There are a lot of marketing problems that are easily solved through discussion and brainstorming sessions that involve the whole team. Some UX principles used by designers can conflict with SEO needs. But when should SEOs agree with them?

When an SEO always listen to UXDiscussion lies at the very foundation of every project. In other words, SEOs should always pay attention to their other team members and understand their needs and concerns.

When it comes to conversions, it’s better to hear everyone’s opinions on the subject before making a decision. Cooperation matters!

If all discussions with your team result in meaningless disputes, take a minute to try some team-building activities. A team works best when all members work together and take individual responsibility.

Situations when SEO should listen to UX

From the questions above, we learned that SEO and UX designers should cooperate for better results. But what does this cooperation looks like? What tools should a team use to maintain a stable “SEO + UX” workflow? Let’s sort this out.

What does the SEO + UX workflow look like

Let’s start with some general ideas that force UX designers and marketers to collaborate with each other. Andrea Pernici suggested a few basic concepts:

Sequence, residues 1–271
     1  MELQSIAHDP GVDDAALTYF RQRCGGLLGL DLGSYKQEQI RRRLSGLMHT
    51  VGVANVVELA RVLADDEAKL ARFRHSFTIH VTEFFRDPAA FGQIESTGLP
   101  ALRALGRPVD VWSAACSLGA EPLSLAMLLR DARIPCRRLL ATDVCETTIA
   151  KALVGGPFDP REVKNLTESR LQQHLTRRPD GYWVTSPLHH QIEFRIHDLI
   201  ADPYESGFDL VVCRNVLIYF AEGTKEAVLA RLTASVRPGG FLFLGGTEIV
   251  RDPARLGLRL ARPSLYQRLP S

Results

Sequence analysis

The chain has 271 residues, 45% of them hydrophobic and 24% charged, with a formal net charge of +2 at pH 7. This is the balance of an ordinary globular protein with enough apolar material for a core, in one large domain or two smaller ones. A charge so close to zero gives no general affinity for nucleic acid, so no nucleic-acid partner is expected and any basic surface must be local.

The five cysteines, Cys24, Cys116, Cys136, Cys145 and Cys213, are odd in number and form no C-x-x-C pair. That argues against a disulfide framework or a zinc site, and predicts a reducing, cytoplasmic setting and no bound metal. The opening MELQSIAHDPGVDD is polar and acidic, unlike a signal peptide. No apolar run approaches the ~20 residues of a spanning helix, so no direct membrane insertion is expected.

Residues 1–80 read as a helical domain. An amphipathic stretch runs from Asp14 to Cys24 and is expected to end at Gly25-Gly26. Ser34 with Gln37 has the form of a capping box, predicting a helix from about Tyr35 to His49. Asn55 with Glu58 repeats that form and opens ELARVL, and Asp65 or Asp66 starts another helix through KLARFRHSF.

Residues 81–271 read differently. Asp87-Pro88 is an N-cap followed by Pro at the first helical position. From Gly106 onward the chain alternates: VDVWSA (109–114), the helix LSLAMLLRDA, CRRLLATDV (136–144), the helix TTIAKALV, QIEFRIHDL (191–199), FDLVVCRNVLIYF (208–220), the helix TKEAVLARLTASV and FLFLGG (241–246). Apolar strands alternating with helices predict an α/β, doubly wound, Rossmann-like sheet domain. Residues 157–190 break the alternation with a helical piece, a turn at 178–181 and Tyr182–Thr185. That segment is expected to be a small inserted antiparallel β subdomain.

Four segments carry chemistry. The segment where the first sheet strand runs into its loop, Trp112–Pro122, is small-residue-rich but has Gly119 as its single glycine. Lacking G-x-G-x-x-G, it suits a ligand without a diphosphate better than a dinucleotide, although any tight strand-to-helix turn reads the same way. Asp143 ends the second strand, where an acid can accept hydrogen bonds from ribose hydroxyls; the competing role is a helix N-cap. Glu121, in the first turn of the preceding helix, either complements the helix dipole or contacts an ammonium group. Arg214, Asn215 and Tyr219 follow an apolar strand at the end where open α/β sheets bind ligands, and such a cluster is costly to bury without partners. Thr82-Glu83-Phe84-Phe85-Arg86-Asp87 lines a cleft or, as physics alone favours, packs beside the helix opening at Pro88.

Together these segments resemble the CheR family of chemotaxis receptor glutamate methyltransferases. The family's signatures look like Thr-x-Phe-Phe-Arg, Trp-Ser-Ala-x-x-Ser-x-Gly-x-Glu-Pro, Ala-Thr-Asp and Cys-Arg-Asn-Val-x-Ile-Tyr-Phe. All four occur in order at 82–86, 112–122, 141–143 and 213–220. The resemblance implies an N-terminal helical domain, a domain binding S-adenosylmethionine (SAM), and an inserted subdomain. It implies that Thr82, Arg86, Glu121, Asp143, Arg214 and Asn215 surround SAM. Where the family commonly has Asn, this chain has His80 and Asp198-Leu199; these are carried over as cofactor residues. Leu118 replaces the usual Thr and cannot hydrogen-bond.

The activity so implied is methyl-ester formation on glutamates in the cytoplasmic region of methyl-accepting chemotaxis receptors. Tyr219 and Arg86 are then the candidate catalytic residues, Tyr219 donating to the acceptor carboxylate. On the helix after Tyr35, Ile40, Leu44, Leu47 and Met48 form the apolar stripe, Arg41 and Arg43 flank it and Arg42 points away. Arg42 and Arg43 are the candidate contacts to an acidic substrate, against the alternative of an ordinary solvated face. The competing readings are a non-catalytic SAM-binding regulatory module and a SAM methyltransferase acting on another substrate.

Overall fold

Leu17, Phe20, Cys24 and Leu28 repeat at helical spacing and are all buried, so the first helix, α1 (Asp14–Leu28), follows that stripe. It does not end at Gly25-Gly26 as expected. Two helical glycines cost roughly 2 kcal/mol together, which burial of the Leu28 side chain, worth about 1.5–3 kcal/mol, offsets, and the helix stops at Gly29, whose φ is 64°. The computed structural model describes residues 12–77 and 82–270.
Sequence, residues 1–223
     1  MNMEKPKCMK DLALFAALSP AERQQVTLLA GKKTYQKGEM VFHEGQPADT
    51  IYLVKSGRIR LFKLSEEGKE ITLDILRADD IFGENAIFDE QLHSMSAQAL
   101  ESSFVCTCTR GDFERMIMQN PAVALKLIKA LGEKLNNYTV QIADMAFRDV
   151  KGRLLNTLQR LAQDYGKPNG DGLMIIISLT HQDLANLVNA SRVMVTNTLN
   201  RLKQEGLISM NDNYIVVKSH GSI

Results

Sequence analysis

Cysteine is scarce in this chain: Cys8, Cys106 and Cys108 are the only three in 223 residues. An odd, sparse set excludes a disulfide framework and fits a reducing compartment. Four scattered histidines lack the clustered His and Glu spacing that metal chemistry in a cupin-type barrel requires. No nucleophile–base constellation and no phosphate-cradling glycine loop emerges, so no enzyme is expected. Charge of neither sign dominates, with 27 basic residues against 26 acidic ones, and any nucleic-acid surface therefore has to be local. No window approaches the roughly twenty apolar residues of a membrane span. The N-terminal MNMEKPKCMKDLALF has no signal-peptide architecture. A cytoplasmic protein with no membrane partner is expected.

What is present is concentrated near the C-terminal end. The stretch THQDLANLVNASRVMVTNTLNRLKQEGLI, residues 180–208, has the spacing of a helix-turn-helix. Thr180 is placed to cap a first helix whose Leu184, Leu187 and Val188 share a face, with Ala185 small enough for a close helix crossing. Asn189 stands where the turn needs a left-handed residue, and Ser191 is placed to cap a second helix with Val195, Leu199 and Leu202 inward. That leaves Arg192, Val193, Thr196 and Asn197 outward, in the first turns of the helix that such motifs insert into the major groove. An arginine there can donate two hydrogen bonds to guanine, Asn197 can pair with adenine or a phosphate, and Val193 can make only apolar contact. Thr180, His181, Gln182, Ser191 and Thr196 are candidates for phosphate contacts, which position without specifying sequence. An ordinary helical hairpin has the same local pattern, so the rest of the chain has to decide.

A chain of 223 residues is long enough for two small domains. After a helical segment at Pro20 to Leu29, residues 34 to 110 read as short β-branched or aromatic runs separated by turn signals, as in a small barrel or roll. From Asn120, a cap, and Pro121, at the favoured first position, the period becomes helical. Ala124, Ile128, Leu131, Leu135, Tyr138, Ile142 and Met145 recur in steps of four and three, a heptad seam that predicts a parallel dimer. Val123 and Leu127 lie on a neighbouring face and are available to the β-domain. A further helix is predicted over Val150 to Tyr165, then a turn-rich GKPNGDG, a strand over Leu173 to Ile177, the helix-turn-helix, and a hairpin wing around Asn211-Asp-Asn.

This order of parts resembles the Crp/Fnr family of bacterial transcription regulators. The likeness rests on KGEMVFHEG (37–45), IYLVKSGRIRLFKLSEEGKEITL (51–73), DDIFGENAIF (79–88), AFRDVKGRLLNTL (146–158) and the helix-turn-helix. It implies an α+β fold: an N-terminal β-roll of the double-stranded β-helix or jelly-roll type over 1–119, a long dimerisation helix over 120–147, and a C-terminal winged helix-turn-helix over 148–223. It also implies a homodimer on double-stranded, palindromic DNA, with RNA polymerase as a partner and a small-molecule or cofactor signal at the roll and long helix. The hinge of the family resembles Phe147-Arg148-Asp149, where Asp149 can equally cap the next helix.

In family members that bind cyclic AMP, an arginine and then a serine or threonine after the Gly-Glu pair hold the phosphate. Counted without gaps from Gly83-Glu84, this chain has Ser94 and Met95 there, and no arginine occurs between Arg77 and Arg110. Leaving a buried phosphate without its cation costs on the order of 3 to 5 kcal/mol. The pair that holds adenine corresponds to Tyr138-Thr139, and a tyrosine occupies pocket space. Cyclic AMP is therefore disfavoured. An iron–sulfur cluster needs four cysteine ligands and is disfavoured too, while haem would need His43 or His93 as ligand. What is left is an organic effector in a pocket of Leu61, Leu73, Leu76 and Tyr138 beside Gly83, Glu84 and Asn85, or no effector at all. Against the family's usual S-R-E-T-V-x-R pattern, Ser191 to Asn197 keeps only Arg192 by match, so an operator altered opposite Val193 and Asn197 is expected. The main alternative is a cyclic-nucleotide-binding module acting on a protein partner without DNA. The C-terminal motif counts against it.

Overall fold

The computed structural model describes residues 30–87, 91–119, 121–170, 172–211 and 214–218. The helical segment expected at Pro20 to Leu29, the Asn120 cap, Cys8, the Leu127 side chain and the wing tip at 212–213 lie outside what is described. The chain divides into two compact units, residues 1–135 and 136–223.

Here’s a list of tools shared by Altos @altos:

First-party:Google Analytics, Google Search Console and HotJar

Third-party: SEMRush and other similar tools

The are a lot of tools on the market to cover all these needs. We encourage our users to compare them for themselves.

Agile process management is an incremental approach to building applications or redesigning your website. Make sure the work of all of your project’s contributors is as transparent as possible, and track changes in a log to determine which techniques work best from a marketing perspective.

Although a lot of designers hate corporate standards, reporting is a great thing as it helps teams track progress on a project and assess each participant’s contribution. All in all, SEO and UX require constant collaboration between teams, and the most important tools are teamwork, an open mind and Google Analytics!

SEO + UX workflow

Collaboration can be a tough task for project managers, especially in a big enterprise environment. Conflicts are inevitable. The next question will reveal conflict situations SEOs and UX designer might face and how to deal with them.

What conflicts could an SEO and a UX designer face

Object mismatch could become a serious threat to an SEO and a UX designer’s relations when working on a project, and Andrea was the first to mention this.

Differences in team members’ background and experience can also interfere with work, but both SEOs and designers should remember that their personal objectives must be left at the door when completing work for a client.

A/B split tests, as mentioned by Peter Nikolow @PeterNikolow, are the best judges in cases of uncertainty, because they can show your audience’s preference towards one variant or another on your page. And here’s an addition to Peter’s answer:

The tools mentioned in the previous question are also useful when facing conflicts as they allow both sides work in numbers, not just suggestions.

For some marketers, the best practice is to not involve SEOs in key UX decisions. But is this a decent strategy? Only time will tell.